In order to preserve the natural resources of humanity, “all companies and administrations have to pull in the same direction”. Ulrich proposes setting up a “decarbonisation commissioner” along the lines of the “data protection commissioner” and to give that office far-reaching rights to assess companies in accordance with strict criteria.
The latter would then be forced successively to convert their production and services wherever these were a source of CO2. This would lead to an overall transformation in the shape of the economy. The trade unions would also have to make some movement.
Associative forms of economy are well suited to reconciling the economy and ecology with one another, Ulrich thinks. They could develop balancing mechanisms to enable an economy which looks at the whole picture and overcomes management egoism.
“We have to rebuild society to liberate ourselves from our straightjacket – the triangle of climate change, society and carbon. There is no way past that. We built a fossil fuel economy with which we tied ourselves to carbon. That is coming back to bite us today.”
Ulrich also considers the education system as having a responsibility to initiate the process of rethinking. The dimensions of land, work and capital had to be evaluated differently even in terms of their didactic structure and be supplemented by the dimensions of “information” and “climate”. A new understanding of money and work was also required.
A weakness in the Paris agreement which Ulrich points to in his interview is the small extent to which the CO2 effects of digitalisation are included. All Google search queries in one month together produce the same amount of CO2 emissions as driving a mid-range car for 1.8 million kilometres. In 2020, 15 percent of all emissions will be produced by electronic datacentres and similar facilities.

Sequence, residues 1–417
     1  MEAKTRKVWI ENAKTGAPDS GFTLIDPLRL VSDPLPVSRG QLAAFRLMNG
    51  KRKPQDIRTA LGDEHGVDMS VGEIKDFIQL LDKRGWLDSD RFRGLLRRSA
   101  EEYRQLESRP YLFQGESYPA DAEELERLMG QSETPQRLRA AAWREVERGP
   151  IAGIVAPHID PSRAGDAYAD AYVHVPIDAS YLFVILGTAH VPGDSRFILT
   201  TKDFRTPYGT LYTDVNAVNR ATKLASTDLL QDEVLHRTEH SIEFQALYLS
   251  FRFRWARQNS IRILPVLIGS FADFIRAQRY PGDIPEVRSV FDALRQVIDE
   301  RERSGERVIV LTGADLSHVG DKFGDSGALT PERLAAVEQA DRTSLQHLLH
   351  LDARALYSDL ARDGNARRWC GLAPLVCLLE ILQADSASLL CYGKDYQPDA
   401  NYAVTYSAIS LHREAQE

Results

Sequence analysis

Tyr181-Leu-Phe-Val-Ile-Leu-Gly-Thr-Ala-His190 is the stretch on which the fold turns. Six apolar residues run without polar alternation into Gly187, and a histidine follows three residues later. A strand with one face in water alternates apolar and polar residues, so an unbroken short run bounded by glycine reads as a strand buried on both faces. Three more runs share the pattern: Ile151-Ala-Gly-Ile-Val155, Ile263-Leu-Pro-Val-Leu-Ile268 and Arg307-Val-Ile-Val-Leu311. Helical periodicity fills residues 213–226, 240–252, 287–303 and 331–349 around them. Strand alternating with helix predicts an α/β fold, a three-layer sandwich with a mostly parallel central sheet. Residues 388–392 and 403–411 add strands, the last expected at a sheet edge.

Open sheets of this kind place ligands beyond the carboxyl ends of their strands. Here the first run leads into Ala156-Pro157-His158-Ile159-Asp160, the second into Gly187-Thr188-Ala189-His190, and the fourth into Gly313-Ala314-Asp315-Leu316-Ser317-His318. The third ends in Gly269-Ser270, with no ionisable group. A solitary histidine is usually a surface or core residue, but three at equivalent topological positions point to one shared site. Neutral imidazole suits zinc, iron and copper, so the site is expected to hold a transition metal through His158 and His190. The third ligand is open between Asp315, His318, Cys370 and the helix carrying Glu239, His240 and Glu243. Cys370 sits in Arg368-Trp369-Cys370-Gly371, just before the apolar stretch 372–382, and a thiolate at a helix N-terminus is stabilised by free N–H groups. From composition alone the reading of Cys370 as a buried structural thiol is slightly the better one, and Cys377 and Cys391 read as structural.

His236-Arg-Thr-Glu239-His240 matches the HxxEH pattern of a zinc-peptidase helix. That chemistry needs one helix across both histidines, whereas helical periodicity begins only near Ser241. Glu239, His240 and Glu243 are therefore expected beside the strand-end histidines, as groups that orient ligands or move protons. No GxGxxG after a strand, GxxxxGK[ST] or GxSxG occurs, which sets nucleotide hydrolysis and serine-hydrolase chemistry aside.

The climate discussion showed that there had to be creative intervention also in digitalisation. Data protection and the vulnerability of the infrastructure showed that a charta of digital basic rights was required. The speed of digital development was enormous with powerful consequences for life. “We need socially and ecologically compatible forms of digitalisation,” the physicist emphasised. Uncontrolled growth could not continue in this sector either.
“The ecological crisis simultaneously contains a crisis of society,” Ulrich says in conclusion. The same idea had been expressed by Pope Francis in his encyclical Laudato si in which he had looked at the cultural and spiritual self-image of our current civilisation. The ideas of anthroposophy, particularly also social threefolding, could contribute a lot to this debate.
Asked about sceptical objections to the necessity of protecting the climate – including in alternative movements – Ulrich drew attention to the online discussion forum of the Potsdam Institute for Climate Impact Research (PIK) in which 3,000 scientists are involved. There all the studies on the subject which meet scientific criteria were taken into account and there was also engagement with the arguments of the climate sceptics.
Item: 160112-03EN Date: 12 January 2016